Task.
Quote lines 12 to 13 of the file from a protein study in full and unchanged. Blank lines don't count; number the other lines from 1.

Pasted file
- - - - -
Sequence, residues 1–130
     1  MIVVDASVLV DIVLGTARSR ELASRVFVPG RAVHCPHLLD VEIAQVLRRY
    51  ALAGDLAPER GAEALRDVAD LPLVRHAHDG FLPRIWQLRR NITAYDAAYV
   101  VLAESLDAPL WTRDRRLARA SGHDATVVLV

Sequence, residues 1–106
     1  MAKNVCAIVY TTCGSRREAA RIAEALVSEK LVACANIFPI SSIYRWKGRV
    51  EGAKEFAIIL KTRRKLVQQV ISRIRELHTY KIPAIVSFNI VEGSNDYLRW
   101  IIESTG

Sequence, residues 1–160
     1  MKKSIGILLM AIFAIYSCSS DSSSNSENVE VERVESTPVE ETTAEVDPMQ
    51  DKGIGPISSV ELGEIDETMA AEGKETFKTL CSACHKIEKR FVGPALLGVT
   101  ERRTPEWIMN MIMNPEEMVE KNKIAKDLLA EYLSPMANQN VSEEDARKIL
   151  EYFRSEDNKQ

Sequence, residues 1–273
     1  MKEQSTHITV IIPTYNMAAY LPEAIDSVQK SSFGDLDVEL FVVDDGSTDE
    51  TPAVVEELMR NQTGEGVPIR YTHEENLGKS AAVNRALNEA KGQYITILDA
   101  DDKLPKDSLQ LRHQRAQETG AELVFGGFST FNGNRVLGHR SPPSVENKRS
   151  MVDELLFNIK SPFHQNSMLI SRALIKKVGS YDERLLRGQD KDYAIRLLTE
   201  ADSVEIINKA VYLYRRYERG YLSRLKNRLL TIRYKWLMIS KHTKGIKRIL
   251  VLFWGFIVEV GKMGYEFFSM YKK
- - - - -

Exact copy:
   101  ERRTPEWIMN MIMNPEEMVE KNKIAKDLLA EYLSPMANQN VSEEDARKIL
   151  EYFRSEDNKQ